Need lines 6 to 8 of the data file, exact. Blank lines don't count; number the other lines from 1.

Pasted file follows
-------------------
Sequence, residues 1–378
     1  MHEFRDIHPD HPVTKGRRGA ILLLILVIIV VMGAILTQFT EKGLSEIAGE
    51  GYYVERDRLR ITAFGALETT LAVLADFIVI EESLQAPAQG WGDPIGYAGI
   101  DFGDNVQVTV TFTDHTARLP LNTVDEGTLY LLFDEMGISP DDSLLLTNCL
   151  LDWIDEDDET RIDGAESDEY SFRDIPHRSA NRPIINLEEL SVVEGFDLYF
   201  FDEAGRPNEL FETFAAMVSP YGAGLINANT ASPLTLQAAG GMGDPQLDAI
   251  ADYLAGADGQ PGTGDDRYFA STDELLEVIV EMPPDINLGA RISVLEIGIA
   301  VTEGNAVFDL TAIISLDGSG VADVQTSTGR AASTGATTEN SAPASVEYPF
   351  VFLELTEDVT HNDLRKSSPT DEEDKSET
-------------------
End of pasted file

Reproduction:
   201  FDEAGRPNEL FETFAAMVSP YGAGLINANT ASPLTLQAAG GMGDPQLDAI
   251  ADYLAGADGQ PGTGDDRYFA STDELLEVIV EMPPDINLGA RISVLEIGIA
   301  VTEGNAVFDL TAIISLDGSG VADVQTSTGR AASTGATTEN SAPASVEYPF